Support services for gay men, MSM (men who have sex with men), trans men and people living with HIV and people at risk of HIV and STIs, health promotion and education

  • Bobby Goldsmith Foundation

Financial assistance for health related issues to people living with HIV on low incomes

Details:

57 Hyde Street, Adelaide
Call 7099 5320
Monday – Friday 9:00 am – 5:00 pm
Fees available on hydestreet.com.au
To make an appointment visit
www.hydestreet.com.au

or call 7099 5320

Rapido – Rapid HIV Testing
Mondays 3:00 – 6:00 pm
(except Public Holidays)

Sexual Health Service
Walk in and Wait
Fridays 1:00 – 4:00 pm

Clean Needle Program
Monday – Friday 9:00 am – 5:00 pm

Transgender Visibility Matters in the Workplace (SHINE SA media release)

SHINE SA, 27th March 2019

SHINE SA Media Release

International Transgender Day of Visibility on 31 March is a day we acknowledge each year to celebrate transgender and gender diverse people around the globe, their courage and accomplishments.

The term ‘transgender’ refers to a person whose gender identity or expression is different from their assigned sex. Trans people experience significant harassment, discrimination and violence and may also face difficulties gaining employment.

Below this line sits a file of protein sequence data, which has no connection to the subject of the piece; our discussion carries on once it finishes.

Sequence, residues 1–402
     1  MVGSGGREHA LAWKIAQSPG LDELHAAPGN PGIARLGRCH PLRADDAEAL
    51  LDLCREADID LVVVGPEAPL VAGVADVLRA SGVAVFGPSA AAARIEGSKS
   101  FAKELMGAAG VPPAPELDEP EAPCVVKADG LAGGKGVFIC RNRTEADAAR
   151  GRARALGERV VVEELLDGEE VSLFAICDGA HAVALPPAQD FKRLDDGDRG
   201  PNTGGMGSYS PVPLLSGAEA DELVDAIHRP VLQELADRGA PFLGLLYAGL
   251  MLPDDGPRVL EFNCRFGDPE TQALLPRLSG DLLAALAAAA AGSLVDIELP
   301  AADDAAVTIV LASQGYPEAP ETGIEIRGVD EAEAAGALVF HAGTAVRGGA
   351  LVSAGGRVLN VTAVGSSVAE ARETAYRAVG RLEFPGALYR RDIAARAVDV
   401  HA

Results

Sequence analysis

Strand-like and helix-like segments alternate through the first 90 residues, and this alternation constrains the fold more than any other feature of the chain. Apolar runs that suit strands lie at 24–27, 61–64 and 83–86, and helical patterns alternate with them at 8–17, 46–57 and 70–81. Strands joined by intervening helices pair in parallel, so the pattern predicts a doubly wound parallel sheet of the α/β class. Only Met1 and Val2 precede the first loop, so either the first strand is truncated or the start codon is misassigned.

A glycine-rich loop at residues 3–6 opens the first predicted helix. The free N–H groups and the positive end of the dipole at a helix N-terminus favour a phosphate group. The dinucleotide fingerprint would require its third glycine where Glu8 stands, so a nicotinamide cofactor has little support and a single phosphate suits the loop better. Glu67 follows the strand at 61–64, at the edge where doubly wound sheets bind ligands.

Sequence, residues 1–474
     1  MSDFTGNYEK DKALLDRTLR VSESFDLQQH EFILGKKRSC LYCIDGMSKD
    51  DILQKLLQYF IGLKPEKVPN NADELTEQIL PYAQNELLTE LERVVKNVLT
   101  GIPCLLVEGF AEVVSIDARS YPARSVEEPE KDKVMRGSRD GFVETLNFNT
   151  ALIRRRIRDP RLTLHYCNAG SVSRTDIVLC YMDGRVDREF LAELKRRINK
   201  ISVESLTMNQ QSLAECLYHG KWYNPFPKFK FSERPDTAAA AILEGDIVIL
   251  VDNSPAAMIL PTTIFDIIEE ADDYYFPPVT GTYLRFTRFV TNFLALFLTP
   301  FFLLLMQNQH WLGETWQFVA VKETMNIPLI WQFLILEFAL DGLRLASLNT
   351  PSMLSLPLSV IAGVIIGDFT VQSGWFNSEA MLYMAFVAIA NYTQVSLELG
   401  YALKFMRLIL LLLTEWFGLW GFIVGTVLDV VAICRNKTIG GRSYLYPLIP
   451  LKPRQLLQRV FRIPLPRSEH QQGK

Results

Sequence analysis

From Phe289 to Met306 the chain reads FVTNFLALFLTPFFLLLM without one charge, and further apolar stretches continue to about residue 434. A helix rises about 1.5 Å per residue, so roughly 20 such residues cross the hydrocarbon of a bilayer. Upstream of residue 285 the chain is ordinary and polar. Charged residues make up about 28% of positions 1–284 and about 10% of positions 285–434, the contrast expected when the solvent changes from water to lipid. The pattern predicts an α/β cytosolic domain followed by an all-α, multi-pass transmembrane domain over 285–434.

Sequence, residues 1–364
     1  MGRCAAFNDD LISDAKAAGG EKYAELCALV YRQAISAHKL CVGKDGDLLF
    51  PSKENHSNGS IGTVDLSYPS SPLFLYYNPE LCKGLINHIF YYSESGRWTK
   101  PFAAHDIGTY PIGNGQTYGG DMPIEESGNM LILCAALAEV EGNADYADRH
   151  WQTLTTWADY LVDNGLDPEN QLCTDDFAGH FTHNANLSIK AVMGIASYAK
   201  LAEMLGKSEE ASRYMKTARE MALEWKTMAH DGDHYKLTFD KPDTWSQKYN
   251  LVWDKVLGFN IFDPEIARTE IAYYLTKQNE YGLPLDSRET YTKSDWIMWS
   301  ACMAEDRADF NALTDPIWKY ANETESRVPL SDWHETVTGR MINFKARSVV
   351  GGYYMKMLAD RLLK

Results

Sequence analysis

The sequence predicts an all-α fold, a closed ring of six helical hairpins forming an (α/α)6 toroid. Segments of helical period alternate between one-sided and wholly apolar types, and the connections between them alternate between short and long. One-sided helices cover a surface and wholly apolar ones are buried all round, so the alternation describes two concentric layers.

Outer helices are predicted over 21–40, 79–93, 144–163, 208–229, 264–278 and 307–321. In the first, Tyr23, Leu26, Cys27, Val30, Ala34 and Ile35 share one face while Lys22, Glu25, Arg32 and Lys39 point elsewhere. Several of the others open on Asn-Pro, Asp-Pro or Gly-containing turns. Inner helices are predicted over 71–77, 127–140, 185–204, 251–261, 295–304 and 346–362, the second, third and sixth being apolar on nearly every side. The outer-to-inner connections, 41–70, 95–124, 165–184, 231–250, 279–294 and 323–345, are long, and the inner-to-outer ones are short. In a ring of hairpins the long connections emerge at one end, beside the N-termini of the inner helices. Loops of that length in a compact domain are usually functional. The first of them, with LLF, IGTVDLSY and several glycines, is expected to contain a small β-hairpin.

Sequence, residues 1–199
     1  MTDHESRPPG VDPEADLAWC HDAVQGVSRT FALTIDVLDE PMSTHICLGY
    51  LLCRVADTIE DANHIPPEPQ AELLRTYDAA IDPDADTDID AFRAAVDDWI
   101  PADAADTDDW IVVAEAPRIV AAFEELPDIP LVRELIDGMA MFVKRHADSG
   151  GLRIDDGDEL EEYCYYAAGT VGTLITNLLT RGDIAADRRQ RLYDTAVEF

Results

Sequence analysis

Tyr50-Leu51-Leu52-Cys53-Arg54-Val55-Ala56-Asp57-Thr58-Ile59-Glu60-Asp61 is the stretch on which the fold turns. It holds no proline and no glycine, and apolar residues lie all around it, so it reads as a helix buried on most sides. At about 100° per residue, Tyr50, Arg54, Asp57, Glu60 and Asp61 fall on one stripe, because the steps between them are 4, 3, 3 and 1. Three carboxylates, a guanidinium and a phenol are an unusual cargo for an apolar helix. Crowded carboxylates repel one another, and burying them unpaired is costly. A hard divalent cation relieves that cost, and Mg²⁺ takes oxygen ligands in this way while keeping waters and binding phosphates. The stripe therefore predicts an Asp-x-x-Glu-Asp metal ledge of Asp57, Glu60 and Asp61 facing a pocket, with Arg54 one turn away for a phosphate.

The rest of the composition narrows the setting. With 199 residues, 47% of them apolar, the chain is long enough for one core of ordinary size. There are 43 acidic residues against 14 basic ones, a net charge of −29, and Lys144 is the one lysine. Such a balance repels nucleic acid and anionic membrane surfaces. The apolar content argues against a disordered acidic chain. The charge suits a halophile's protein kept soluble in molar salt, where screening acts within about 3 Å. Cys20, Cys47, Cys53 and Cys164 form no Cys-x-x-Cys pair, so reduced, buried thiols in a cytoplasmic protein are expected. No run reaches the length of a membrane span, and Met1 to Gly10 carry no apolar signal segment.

It is important that organisations and individuals take steps to encourage inclusivity and diversity. Research by the Diversity Council Australia found that LGBTIQA+ employees in organisations that were highly LGBTIQA+ inclusive were twice as likely as employees in non-inclusive cultures to innovate, and 28% more likely to provide excellent customer/client service.

SHINE SA was the first organisation in SA to achieve Rainbow Tick Accreditation, which ensures all systems and processes are in place for an inclusive culture and operation.

Natasha Miliotis SHINE SA’s Chief Executive said:

“We were surprised at how much our whole organisation developed from Rainbow Tick Accreditation. Improving our capacity to be inclusive and to support diversity benefited everyone – staff, clients, stakeholders and our organisational culture as a whole. It’s made us more flexible, more able to respond to the needs of others. It has also made us better at designing and delivering services to support Trans people: whether that’s STI testing, contraception advice, cervical screening, counselling support or providing inclusive education to doctors, nurses and teachers or providing information to the community.”

Zac Cannell, SHINE SA Sexual Health Counsellor, and Co-Founder and Co-Facilitator of TransMascSA writes: